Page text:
On Jan. 23, the Day of the Endangered Lawyer, groups of law practitioners all over Europe held protest actions to decry the continuing human rights violations committed against lawyers, judges and even law students in the Philippines.
“Documented reports show no abatement, but an apparent increase in the number of attacks.”
By JANESS ANN J. ELLAO
MANILA – On Jan. 23, the Day of the Endangered Lawyer, groups of law practitioners all over Europe held protest actions to decry the continuing human rights violations committed against lawyers, judges and even law students in the Philippines.
A petition signed by three European lawyers groups called on President Aquino to end impunity by prosecuting perpetrators of rights violations. The appeal had long been made to the Philippine government.
“But in the last year, the situation has again deteriorated,” said the petition, signed by the European Democratic Lawyers, the European Association of Lawyers for Democracy and the World Human Rights and the European Bar Human Rights Institute.
The European lawyers also called on the Aquino government “to guarantee safety for legal practitioners, as provided in the United Nations Basic Principles on the Role of Lawyers.” The Philippines was present when the UN adopted the document in 1990.
The Basic Principles on the Role of Lawyers provides that governments of member states shall ensure that lawyers “are able to perform all their professional functions without intimidation, hindrance, harassment or improper interference, are able to travel and to consult with their clients freely both within their own country and abroad; and shall not suffer, or be threatened with, prosecution or administrative, economic or other sanctions for any action taken in accordance with recognized professional duties, standards and ethics.”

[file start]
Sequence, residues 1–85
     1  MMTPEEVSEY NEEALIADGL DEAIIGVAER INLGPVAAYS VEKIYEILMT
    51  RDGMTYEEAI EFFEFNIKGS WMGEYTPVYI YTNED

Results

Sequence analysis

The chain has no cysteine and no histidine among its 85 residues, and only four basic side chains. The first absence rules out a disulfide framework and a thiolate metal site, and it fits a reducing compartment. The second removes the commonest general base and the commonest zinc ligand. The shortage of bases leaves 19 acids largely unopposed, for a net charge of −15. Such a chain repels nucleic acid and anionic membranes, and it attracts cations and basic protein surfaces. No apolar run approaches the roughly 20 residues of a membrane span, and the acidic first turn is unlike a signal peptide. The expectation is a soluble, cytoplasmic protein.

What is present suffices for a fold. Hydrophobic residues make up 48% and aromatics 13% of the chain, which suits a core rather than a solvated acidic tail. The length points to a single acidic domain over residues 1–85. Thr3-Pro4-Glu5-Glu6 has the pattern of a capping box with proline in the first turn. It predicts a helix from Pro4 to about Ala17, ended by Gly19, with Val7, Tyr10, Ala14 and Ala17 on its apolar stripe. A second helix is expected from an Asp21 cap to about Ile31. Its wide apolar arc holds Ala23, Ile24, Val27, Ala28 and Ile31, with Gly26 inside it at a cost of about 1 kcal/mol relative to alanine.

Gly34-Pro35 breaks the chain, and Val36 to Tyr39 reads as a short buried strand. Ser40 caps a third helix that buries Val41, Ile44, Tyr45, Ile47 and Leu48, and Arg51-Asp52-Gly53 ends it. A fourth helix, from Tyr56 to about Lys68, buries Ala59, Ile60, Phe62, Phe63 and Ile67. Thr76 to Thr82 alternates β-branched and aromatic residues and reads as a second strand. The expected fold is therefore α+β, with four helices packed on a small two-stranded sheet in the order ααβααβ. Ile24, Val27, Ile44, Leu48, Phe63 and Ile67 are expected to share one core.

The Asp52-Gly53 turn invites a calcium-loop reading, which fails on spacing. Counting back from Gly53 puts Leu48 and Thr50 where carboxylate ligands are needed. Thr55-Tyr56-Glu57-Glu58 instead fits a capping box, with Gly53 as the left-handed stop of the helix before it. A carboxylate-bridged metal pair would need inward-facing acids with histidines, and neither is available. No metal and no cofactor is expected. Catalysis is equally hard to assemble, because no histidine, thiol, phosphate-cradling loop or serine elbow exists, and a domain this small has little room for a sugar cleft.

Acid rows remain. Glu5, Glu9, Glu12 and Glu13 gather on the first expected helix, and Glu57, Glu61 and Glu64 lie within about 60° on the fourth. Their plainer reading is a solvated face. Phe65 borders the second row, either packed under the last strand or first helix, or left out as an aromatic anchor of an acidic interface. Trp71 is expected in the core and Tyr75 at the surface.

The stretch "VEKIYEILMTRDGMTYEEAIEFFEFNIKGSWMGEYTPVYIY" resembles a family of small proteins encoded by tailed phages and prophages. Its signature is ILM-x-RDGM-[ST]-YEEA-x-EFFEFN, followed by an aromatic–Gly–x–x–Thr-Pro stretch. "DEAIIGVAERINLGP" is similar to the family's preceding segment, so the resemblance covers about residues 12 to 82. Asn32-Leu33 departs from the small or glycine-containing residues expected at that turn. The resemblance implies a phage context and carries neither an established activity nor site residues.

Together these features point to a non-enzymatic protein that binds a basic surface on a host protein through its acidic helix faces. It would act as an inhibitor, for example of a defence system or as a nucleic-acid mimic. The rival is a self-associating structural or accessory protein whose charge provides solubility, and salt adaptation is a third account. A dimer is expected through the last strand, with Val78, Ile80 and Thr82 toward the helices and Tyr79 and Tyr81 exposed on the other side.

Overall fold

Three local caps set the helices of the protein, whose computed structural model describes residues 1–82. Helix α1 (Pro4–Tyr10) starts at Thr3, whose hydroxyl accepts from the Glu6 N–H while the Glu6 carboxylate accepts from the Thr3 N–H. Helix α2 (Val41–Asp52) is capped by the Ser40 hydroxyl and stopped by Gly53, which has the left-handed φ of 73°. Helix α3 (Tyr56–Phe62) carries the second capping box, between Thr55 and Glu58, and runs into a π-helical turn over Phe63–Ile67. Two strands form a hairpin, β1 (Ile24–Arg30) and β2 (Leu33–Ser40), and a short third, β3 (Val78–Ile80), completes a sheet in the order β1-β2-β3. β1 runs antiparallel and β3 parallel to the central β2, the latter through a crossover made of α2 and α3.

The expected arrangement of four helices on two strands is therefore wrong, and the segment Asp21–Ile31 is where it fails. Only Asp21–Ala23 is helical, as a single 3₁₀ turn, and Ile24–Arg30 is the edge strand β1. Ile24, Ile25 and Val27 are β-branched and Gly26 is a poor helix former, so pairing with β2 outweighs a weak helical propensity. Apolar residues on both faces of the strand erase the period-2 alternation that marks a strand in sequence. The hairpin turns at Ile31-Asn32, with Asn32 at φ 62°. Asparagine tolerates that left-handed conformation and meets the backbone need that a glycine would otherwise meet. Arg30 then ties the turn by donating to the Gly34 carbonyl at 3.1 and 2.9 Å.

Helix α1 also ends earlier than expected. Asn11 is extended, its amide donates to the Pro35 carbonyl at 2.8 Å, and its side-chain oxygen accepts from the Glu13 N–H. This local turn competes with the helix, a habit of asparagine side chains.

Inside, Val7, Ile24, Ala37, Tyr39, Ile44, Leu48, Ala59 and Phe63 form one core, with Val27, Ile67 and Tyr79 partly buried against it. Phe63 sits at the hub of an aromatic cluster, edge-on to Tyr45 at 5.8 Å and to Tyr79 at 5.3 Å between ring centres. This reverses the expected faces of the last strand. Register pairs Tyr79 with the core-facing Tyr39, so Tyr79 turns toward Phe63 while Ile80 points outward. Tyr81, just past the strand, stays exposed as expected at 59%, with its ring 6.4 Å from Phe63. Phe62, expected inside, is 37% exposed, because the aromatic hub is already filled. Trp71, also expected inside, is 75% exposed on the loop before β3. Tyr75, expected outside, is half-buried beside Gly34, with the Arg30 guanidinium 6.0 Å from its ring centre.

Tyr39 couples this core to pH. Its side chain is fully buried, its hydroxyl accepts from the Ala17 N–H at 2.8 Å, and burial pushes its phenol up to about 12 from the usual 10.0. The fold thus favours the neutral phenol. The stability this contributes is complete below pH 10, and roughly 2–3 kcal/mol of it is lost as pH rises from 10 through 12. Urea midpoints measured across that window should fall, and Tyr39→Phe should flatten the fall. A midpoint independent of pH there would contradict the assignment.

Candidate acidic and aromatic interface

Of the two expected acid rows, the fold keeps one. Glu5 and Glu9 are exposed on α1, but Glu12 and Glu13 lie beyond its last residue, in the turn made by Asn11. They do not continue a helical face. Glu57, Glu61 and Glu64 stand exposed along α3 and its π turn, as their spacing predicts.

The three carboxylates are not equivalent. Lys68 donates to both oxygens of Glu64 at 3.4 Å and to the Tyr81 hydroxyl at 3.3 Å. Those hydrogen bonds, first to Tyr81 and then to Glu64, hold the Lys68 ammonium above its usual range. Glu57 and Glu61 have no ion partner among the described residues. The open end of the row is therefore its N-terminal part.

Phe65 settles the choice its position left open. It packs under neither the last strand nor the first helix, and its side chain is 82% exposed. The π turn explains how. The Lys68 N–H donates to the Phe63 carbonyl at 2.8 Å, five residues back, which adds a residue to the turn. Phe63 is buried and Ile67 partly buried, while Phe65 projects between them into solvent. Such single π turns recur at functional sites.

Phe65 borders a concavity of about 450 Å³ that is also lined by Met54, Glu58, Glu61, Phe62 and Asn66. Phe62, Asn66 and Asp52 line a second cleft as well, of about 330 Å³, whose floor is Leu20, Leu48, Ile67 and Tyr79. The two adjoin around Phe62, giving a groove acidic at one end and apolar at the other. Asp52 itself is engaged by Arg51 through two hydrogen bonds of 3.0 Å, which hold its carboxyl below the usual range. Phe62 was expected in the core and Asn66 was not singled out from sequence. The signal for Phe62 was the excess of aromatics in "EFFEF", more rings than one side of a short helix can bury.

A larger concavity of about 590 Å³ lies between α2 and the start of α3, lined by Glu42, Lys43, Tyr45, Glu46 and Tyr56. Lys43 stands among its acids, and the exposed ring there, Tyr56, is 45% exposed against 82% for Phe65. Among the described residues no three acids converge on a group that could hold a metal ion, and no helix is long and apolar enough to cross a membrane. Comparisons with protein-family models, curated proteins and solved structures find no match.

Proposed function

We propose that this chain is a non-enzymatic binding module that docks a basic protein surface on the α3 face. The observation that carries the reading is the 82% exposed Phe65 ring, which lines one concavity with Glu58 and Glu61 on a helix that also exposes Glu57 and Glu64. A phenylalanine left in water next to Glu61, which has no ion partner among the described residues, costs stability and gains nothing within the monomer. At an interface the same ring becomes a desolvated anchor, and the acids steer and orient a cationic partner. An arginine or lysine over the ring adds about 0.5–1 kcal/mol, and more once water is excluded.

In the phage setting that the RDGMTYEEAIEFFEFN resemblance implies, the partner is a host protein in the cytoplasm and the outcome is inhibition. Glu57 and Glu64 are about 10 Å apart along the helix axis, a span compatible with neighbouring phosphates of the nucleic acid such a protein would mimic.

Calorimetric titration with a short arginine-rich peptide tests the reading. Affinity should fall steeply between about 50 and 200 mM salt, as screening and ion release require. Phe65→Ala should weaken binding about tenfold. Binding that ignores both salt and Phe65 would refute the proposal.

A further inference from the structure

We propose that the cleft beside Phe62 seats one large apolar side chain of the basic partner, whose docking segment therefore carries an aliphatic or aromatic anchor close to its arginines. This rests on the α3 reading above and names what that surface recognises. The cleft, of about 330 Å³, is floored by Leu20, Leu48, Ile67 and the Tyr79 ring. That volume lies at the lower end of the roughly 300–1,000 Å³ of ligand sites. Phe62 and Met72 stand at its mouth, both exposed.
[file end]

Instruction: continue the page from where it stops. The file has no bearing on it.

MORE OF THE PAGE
The petition also called for the immediate release of lawyers who are being detained in performance of their duties.
The groups said the government must even publicly recognize the work of human rights defenders, including lawyers, and to impose sanctions on public officials and politicians who harass and stigmatize them.
Simultaneous protest actions by the three groups were held in Austria, Belgium, England, France, Germany, Greece, Italy, The Netherlands, Spain, Switzerland and Turkey.
Attacks on attorney
From 1977 to present, there were 69 lawyers and judges killed while 101 were threatened or harassed. The National Union of Peoples’ Lawyers (NUPL) noted that there are 35 lawyers under surveillance and 37 maliciously labeled from 2001 to the present, which is more than in the previous years.
Edre Olalia, secretary general of the NUPL, noted in a statement that since 2001, 22 percent of lawyers killed came from the ranks of those involved in human rights cases.
“The records would show that under the present administration of President Aquino, the situation appears to have deteriorated. Documented reports show no abatement, but in fact, an apparent increase in the number of attacks,” Olalia said.
In Manila, the NUPL met with Theodore Te, spokesman of Supreme Court, to discuss means to protect lawyers. They submitted documented cases of attacks on lawyers.